It’s probably safe to assume that professional and collegiate athletes are getting all kinds of medical treatment. There are team doctors, specialists, and trainers capable of helping athletes maintain their physical performance and even train their brains to perform better.
What happens, however, when an athlete’s mental health is in jeopardy? What about training athletes to care for their own mental health before they start having issues?
There are a few options.
Mental toughness is a very important part of athletics, no matter the level. The tri-athlete down the street must be able to power through pain during the marathon stage of an event. That doesn’t just take great strength conditioning. The mental strength to do so is what matters.
Good mental health and mental toughness are not one and the same, though. The former contributes to the latter. Our mental health is also linked to our physical health and vice versa. An athlete who has been injured is more likely to struggle with mental health issues than other athletes.
Especially for collegiate athletes, the feelings of isolation, frustration, and anger are greater post-injury because they are unable to join their friends or participate in the sport that is likely paying for their schooling. When an athlete’s ability to play is in jeopardy, her ability to continue with school is likely also in jeopardy, only increasing the stress. Mental health issues in all levels of sports become vicious circles. Without proper mental and physical health care, athletes become highly susceptible to chronic pain.
A Men’s Health article by Bill Bradley hit the nail on the head for many people: “We get it. You’re not into this whole ‘mindfulness’ thing.” Not everyone is. For some of us, mindfulness seems like second nature. It’s “just” being aware of what we’re doing, like exercising our own emotional intelligence.
However, as Bradley points out, mindfulness is more than just being aware. To be a properly mindful athlete, meditating should be part of the daily routine. Dr. Kristin Keim, a psychologist who trains U.S. Olympic athletes, recommends meditation for all her athletes. She uses it as a basis for visualization training, a key to improving athlete performance, describing visualization thusly:
“Relax and close your eyes—now imagine you’re holding a bright yellow lemon in the palm of your hand; you can feel the coolness of the lemon as you place it on the table. In your mind, cut a wedge from the sour lemon and place it in your mouth. Bite down gently, and let the cool, sour juices permeate inside your mouth. Did you find yourself puckering or salivating? This is a simple yet effective way to show how visualization can create a physical response by simply using your senses.”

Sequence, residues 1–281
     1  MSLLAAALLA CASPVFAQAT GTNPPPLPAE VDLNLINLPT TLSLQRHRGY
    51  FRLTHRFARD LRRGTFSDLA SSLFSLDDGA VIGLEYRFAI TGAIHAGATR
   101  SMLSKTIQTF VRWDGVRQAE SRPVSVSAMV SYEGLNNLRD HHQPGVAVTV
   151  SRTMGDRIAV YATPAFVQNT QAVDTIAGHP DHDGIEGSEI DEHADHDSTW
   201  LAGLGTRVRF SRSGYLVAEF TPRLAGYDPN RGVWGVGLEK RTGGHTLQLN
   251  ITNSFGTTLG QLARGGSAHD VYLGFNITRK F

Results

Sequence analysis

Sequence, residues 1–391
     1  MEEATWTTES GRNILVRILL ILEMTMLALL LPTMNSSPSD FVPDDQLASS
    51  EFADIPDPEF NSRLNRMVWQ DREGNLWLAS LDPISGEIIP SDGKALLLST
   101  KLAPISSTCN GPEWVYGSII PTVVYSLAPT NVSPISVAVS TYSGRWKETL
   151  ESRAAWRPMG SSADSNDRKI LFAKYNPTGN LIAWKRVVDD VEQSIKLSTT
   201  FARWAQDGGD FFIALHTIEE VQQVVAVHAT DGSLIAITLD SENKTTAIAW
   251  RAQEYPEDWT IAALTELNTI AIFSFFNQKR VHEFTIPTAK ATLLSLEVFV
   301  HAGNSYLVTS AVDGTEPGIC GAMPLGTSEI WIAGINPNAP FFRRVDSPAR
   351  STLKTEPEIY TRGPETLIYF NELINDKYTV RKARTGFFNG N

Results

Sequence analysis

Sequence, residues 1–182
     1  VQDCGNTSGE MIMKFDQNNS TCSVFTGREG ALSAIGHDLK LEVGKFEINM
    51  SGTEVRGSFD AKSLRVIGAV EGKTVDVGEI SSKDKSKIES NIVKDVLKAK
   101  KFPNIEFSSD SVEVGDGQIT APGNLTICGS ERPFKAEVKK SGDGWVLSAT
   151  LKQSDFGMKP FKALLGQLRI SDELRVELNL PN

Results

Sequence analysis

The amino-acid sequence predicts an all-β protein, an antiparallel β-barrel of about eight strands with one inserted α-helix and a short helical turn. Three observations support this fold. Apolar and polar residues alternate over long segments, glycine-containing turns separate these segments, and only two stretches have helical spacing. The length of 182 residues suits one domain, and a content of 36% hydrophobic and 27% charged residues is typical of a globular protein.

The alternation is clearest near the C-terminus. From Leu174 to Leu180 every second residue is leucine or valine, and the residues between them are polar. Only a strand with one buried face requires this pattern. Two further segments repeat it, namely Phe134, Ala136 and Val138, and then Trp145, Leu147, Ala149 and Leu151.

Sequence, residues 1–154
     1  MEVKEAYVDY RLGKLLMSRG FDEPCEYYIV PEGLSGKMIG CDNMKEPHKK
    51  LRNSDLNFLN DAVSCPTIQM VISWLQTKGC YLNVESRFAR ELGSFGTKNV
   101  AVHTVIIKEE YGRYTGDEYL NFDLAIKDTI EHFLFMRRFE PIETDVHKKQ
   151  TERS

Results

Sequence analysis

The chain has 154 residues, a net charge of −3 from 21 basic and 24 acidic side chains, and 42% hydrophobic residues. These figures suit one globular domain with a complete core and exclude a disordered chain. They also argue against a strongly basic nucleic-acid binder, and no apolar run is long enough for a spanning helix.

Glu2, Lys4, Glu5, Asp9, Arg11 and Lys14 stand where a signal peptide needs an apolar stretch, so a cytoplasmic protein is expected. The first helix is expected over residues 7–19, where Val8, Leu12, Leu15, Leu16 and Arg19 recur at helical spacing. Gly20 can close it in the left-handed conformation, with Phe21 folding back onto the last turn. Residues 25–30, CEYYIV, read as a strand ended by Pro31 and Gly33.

Building on common meditation practices, where the athlete might simply repeat a mantra, Dr. Keim encourages athletes to visualize an event. For athletes who are struggling to recover from an injury and are spiraling into depression, this visualization could be participating in the long jump or a 20-yard rush for a touchdown.
This positive visualization may blur the lines between reality and fantasy, but it discourages focusing on not being able to complete that jump, injury or not. For its student-athletes, the University of Oregon incorporates stress management and mental health into its education workshops. These workshops are meant to provide Ducks with life skills that will help them manage their athletic and academic careers and go beyond university life.
For athletes who prefer the DIY approach, there are plenty of apps to help with mindfulness training and meditation. One of the biggest is Headspace. This app provides guided meditations for users, especially those who have never tried before.
The link between mental health and physical health has always been there, but now we’re becoming more aware of how they influence each other. Good mental health can improve physical health, including athletic performance. No matter your athletic performance level, give some meditation or visualization a try. You never know how much more motivated you might be.